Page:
Giving Rhode Islanders the credit they need.
John works two full time jobs to support his growing family; between paying rent, buying groceries, and the monthly utilities they barely scrape by. Driving through Providence, on the way to his second job, smoke begins pouring from underneath the hood of his aging car. As the tow-truck pulls away, John calls for a ride to work. The next day the mechanic tells him it will cost $350 to fix his car, and $150 to cover the tow.
With no savings, John hesitantly turns to a well-known payday lender, who lends him $500. The terms of the loan require $550 be repaid within two weeks — an APR of 260%. When John is unable to repay the full amount, the loan is extended another two weeks, costing him an additional $50; this cycle continues for a year. Paying the bi-weekly minimum, John finally pays off the loan — it cost him $1,300 to borrow $500.
After seeing the devastation caused by the 2008 financial collapse, Brown University student Andrew Posner became interested in how finance could be used to help people, instead of hurt them. “I conducted a lot of research about the size of the [payday] loan industry, and saw the need for access to credit locally,” explains Andrew. He realized experiences such as John’s, low-income Rhode Islanders not having access to traditional loans — leaving them susceptible to high interest lenders, were all too common.
Three months before graduation Andrew founded Capital Good Fund; a small nonprofit that gives loans to those who otherwise would not qualify. In the beginning, they granted loans to cover the cost of citizenship, and to help Rhode Islanders start green micro-businesses. Although they no longer lend to businesses, Capital Good Fund has expanded its number of personal loan categories to include products such as the credit builder loan, consumer loan, utility loan, car loan, and the emergency loan.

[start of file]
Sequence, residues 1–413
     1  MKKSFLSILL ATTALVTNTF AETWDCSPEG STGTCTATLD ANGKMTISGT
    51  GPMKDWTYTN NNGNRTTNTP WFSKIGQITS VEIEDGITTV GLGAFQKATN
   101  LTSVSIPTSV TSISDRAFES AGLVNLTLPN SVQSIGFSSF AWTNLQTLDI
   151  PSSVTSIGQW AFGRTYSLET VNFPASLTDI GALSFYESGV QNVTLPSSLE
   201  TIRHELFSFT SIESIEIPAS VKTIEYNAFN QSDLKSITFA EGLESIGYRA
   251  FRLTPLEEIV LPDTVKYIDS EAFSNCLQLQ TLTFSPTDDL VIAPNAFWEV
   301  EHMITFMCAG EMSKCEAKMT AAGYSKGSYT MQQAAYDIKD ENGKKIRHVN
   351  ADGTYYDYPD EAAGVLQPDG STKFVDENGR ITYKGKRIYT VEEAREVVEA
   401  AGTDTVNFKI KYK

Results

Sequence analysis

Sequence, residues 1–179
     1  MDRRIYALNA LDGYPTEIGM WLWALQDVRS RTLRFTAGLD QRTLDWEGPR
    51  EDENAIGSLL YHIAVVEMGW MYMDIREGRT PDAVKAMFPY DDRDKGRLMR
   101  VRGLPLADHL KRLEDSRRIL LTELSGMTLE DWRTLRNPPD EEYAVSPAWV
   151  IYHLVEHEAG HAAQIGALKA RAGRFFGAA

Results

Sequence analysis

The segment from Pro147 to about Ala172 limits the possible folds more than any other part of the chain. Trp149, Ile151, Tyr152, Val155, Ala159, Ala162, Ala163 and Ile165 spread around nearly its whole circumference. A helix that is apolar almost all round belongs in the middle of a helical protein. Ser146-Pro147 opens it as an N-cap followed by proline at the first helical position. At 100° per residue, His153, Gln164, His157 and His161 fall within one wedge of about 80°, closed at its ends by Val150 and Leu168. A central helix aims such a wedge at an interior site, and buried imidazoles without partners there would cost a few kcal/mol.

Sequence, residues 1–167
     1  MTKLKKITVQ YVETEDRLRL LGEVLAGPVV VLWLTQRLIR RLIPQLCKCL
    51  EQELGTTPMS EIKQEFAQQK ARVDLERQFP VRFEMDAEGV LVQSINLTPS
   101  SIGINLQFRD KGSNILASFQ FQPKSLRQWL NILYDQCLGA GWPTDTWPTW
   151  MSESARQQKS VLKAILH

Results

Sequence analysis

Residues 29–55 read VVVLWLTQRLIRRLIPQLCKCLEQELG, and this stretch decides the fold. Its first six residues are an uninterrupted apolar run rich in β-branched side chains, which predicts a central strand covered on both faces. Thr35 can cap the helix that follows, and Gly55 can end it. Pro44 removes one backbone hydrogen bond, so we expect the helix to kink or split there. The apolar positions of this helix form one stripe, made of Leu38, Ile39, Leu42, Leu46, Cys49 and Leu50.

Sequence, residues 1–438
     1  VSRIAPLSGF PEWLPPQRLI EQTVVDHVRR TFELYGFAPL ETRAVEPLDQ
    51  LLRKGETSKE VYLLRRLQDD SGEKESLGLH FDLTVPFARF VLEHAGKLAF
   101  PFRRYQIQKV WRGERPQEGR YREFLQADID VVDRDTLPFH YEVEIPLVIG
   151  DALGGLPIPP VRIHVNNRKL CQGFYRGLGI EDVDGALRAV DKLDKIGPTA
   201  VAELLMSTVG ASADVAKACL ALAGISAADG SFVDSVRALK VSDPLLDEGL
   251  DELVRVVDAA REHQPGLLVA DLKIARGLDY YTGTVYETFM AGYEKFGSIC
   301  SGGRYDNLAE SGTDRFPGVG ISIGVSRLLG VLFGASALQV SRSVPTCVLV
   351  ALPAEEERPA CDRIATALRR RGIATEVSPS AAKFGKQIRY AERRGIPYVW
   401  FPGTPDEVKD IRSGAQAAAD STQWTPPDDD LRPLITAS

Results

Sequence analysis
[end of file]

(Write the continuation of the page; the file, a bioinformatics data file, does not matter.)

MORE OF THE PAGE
The emergency loan, their most popular product, was created with a grant from United Way of Rhode Island. “It’s our payday loan alternative, before that we didn’t have a loan that directly competed with the [payday lenders],” says Andrew. Many people use the emergency loan to pay off high interest loans — 35% is a far better alternative than 260%.
Eight years have passed since Andrew began using micro-finance to help the community. During this time, he has given over 5,000 loans to people who may have otherwise turned to payday lenders. Capital Good Fund’s goal of lending $5 million in 2017 seems insignificant when compared to the $46 billion payday loan industry, but to the people being helped by Andrew and his team, it’s life changing.
By: Jason Boulay, Communication Coordinator, UWRI